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Brook Whelan: A fully-appointed second chamber is not ideal, but it's the least worst option available in our parliamentary system

Picture 1 Brook Whelan is a Councillor in Bath and North East Somerset.

The debate over House of Lords reform has been going on for some years, and it has mainly focused on how to make the House of Lords more democratic and accountable to voters.

The idea of making the House of Lords fully-elected does sound a great idea at first. After all, who would really want to deny voters the chance to have their say in choosing who gets to take their seat in the House of Lords?

Many supporters of making the House of Lords elected base their enthusiasm on the way that the Senate works in the United States, and assume that such a model could work just as well here. That is a perfectly reasonable argument, but what they overlook, however, is that we have a Parliamentary system, and not a Presidential one.

A fully-elected second chamber would simply not work under our political system. I suspect that supporters of this change have not thought through the practicalities of it. Constitutional reform should never be done on the back of an envelope.

Firstly, an elected second chamber would cause serious difficulties in its status and relationship to the House of Commons. I am yet to hear any reassuring comments from supporters of this change that would allay my fears over this point. How exactly would this be resolved?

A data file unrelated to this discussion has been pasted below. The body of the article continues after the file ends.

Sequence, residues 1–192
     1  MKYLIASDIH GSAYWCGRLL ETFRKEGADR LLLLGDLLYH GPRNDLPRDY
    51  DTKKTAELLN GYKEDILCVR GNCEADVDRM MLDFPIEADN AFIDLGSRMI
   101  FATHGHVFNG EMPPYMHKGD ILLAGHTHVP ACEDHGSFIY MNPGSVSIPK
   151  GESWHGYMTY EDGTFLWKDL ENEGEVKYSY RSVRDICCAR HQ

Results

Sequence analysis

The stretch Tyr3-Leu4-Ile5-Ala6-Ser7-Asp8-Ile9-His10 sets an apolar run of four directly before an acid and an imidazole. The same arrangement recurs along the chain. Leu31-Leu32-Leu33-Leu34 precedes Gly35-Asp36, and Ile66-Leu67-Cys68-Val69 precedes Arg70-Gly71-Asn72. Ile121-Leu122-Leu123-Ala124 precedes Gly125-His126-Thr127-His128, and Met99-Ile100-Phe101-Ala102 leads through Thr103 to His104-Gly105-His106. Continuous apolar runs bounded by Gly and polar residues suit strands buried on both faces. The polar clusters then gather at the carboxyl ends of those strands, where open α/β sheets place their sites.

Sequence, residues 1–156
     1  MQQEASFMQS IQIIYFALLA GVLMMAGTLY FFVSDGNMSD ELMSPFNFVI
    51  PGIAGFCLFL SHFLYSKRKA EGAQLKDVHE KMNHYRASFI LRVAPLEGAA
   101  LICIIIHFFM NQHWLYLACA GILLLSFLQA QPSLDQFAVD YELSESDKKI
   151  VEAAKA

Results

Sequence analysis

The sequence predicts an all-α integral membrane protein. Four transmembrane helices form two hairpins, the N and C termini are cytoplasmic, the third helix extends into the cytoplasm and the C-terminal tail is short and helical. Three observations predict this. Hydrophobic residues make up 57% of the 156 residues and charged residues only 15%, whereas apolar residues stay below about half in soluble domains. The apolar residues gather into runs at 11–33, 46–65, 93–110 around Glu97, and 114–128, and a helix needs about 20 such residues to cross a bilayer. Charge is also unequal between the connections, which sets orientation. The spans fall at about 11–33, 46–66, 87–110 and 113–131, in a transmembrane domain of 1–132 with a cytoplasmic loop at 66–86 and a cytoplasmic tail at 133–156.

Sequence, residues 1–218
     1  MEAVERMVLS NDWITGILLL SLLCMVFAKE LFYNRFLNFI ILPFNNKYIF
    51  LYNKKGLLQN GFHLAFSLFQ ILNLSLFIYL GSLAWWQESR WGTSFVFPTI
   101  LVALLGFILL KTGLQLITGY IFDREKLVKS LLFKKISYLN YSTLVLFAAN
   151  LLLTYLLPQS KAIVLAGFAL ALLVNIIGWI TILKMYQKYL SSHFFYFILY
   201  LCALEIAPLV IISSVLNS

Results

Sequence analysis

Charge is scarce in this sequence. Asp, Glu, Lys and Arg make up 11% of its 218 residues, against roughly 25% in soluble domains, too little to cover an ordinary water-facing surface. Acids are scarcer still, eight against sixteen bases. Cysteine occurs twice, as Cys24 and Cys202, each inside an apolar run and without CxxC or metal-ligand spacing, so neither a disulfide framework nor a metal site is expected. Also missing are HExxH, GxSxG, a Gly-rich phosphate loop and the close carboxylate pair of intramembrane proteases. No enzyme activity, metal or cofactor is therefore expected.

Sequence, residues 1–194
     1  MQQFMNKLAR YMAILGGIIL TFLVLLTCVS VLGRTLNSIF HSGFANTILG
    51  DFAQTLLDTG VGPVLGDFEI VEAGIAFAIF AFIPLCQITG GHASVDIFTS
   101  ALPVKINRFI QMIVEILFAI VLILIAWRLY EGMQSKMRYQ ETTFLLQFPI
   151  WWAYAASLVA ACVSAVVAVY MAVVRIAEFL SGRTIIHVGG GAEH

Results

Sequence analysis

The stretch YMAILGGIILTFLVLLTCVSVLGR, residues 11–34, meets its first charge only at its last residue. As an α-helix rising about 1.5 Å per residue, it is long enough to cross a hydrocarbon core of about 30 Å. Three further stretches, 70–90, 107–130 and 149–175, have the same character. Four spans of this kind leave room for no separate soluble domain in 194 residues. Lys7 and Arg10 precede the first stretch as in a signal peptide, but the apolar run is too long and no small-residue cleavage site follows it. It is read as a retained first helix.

Secondly, the prospect of voters facing yet more elections will not get them racing to the polling station either. If the House of Commons were to retain its supremacy with this reform in place, then we will find that voter turnout could potentially be even lower than it is currently for the House of Commons in the general election. If the House of Commons is to retain its supremacy, then what is the point of an elected second chamber?

Thirdly, I am yet to hear about what the role of Senators would be in an elected second chamber. Would they be there purely for scrutiny and revising of legislation? Or would they have a more different role? Would there have to be additional Select Committees set up?

Back in 2003, during a Commons vote on House of Lords reform, there were seven options given for MPs to vote on, and the result of the vote was inconclusive, but the option which had the most support (but not enough to win the day) was the option to make it fully-appointed, and I think it even had the tentative support of Tony Blair at the time.

A fully-appointed House of Lords is not an ideal solution for a 21st Century democracy, but it's the best we can do under our politcal system. The House of Lords does an excellent job in scrutinising legislation, and has a high reputation for its due diligence, attention to detail and asking the right questions.

There are, of course, issues about how we can make the appointments process to the House of Lords more transparent. So what I would like to see is the House of Lords Appointments Commission open up its meetings to the public when they are debating potential new appointments to the House of Lords. I would also like to see the setting up of televised hearings when the Commission is vetting these new applicants. This will allow the public to see who exactly is in the running to be appointed, and will allow them to see for themselves whether the candidates are worthy of a place in the House of Lords.

A fully-appointed House of Lords? It's not ideal, but is far better than what else is on offer.


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